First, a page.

Last month, we had a blog about how some songs used to be censored in the United States. Fortunately, though, most music these days is alive, well, and being enjoyed by millions of people.
Unfortunately, musicians in certain regions of the world do not have the same opportunities that we take for granted – to perform freely, without the fear of sanctions or even persecution.
We are referring to various media reports in recent months, which related how certain governments ban all musical expressions. In Mali, for instance, listening to music had been forbidden for many months, and in Afghanistan a shelter for girls was forced to discontinue its music program. In other parts of the world, musical instruments are seized and destroyed.
All this is extremely sad because music is a positive and uplifting experience – the idea that we always assumed was universally accepted. What a pity that this isn’t the case.
Still, countries and regions where music is banned are relatively few. In most parts of the world, it is generally accepted as a unifying force among people of diverse backgrounds, nationalities, cultures, and religions.
As U2’s Bono put it, “Music can change the world because it can change people.” In the very least (which is already a lot), it can bring attention to existing social or political problems and the need to find peaceful solutions.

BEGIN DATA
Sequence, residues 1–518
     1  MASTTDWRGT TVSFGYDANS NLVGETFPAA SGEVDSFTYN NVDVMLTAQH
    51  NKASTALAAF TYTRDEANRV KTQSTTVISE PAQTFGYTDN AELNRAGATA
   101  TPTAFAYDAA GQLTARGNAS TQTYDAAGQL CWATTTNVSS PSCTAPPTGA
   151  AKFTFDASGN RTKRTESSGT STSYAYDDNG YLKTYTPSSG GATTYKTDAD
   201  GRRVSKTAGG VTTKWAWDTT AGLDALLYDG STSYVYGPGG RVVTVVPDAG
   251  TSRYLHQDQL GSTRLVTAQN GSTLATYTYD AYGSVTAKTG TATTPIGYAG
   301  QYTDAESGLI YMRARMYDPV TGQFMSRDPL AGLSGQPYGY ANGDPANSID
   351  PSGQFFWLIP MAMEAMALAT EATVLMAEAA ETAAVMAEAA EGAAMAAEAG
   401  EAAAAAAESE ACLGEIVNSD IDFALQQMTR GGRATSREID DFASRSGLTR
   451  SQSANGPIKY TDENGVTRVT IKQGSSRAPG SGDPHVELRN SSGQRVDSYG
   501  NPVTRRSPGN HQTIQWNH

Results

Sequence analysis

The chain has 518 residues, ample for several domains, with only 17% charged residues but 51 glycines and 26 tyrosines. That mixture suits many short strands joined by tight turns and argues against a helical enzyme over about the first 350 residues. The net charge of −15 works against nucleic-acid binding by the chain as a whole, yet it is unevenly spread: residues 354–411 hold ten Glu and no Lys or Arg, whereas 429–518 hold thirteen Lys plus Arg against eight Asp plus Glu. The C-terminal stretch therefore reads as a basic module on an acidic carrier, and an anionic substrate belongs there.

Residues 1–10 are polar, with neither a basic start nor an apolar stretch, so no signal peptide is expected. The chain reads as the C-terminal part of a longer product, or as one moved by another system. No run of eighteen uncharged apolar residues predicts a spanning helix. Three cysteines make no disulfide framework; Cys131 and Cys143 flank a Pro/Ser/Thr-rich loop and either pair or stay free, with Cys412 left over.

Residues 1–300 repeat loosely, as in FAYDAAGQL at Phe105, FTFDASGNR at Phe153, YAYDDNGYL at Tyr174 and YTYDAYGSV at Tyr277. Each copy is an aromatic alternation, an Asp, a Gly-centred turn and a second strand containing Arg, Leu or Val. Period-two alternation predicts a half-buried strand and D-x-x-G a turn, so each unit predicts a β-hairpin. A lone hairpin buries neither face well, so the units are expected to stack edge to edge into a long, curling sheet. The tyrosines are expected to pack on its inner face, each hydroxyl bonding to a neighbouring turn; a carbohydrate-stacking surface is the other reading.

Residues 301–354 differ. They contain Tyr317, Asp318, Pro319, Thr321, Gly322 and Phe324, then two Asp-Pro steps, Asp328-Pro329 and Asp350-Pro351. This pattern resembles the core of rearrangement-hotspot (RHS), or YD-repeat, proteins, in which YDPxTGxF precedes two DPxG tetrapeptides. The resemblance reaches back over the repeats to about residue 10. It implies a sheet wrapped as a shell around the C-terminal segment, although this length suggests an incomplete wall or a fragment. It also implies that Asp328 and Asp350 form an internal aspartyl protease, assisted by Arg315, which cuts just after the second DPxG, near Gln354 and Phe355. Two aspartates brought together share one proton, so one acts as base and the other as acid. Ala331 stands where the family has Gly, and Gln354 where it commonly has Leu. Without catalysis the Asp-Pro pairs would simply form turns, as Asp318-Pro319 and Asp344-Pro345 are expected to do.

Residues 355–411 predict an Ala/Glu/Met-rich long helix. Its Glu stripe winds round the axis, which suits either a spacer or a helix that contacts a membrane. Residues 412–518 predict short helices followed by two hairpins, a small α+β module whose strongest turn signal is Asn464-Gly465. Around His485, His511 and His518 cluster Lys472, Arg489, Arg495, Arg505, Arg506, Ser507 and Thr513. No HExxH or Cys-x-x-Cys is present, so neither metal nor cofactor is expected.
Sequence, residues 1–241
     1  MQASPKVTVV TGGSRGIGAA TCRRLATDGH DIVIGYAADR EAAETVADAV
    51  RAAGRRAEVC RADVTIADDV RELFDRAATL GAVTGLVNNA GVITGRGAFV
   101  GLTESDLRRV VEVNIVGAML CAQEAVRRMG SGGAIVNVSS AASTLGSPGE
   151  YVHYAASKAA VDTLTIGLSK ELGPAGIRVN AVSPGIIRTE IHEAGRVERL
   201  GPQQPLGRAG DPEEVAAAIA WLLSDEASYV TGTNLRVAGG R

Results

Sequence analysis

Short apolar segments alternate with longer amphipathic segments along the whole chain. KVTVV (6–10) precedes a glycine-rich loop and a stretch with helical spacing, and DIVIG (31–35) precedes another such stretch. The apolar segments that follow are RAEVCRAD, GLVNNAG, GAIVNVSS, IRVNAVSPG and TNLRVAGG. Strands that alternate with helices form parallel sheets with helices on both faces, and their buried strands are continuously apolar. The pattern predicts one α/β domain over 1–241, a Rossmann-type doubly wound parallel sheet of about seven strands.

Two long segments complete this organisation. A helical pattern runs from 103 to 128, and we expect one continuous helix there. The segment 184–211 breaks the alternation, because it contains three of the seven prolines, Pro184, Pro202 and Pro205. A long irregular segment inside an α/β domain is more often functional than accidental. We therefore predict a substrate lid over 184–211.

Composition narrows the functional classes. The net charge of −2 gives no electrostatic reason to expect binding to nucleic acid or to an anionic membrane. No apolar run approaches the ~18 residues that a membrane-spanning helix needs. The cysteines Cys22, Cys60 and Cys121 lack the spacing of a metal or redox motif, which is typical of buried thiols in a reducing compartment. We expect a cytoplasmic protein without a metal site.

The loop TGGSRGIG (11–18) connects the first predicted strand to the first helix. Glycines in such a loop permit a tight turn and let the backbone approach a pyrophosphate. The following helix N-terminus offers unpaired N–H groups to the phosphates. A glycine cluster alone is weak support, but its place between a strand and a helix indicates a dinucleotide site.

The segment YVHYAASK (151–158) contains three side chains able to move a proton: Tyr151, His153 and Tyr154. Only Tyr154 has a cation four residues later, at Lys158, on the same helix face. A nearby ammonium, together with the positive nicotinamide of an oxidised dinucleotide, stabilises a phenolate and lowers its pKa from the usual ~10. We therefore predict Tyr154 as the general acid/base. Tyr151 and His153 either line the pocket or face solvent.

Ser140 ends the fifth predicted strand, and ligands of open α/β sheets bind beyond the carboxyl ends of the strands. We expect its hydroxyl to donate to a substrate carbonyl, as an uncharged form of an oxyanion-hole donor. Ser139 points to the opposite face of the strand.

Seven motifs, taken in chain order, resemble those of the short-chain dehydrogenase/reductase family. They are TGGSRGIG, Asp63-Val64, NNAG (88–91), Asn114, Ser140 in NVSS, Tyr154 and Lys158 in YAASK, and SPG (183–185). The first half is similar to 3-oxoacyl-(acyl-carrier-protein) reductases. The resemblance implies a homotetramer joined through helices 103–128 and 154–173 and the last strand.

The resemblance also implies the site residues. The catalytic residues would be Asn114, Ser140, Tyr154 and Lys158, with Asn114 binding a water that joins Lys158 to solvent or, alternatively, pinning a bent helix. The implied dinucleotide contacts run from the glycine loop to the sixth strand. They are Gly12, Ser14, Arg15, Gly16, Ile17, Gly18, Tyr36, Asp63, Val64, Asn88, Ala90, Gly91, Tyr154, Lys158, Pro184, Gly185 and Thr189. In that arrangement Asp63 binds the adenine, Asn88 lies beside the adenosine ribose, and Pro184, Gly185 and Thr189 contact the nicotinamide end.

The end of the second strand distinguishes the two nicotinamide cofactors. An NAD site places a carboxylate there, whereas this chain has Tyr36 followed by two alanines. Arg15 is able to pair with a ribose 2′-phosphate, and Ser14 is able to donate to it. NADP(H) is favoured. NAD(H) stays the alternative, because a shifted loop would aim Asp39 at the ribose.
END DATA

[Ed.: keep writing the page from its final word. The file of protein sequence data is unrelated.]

For example, not too long ago, as social unrest grew in Kiev, Ukraine, one man faced the riot police armed only with…his piano . He played folk songs and classical music that seemed to have had a calming effect on all involved, and the incident ended peacefully.
And over in India, 600 guitarists gathered in the street and played John Lennon’s “Imagine” to protest widespread violence against women.
Both these examples show not only the power of music, but also demonstrate how it can bring about – calmly and peacefully – social and political change.
But wait, there’s more!
The aptly named “Playing for Change” initiative was founded in 2002 with the goal of uniting people through music. This video demonstrates how this works: the musicians performing the same song in different parts of the world are connected to each other by music – when they play, distances and differences disappear!
At Hey Joe Guitar, we believe in the power of music, both as a “people connector” and an agent for change. We hope that in their own small way, our music lessons and all the instruments we teach can contribute to a better world.
If you are not “fluent” in music yet, now is a good time to start. Just contact us and one our teachers will arrive at your Manhattan, Brooklyn or Riverdale home or office with a noble mission: to make music part of your life, and the lives of all those around you!
To paraphrase a well-known saying, a beautiful concert starts with a single note!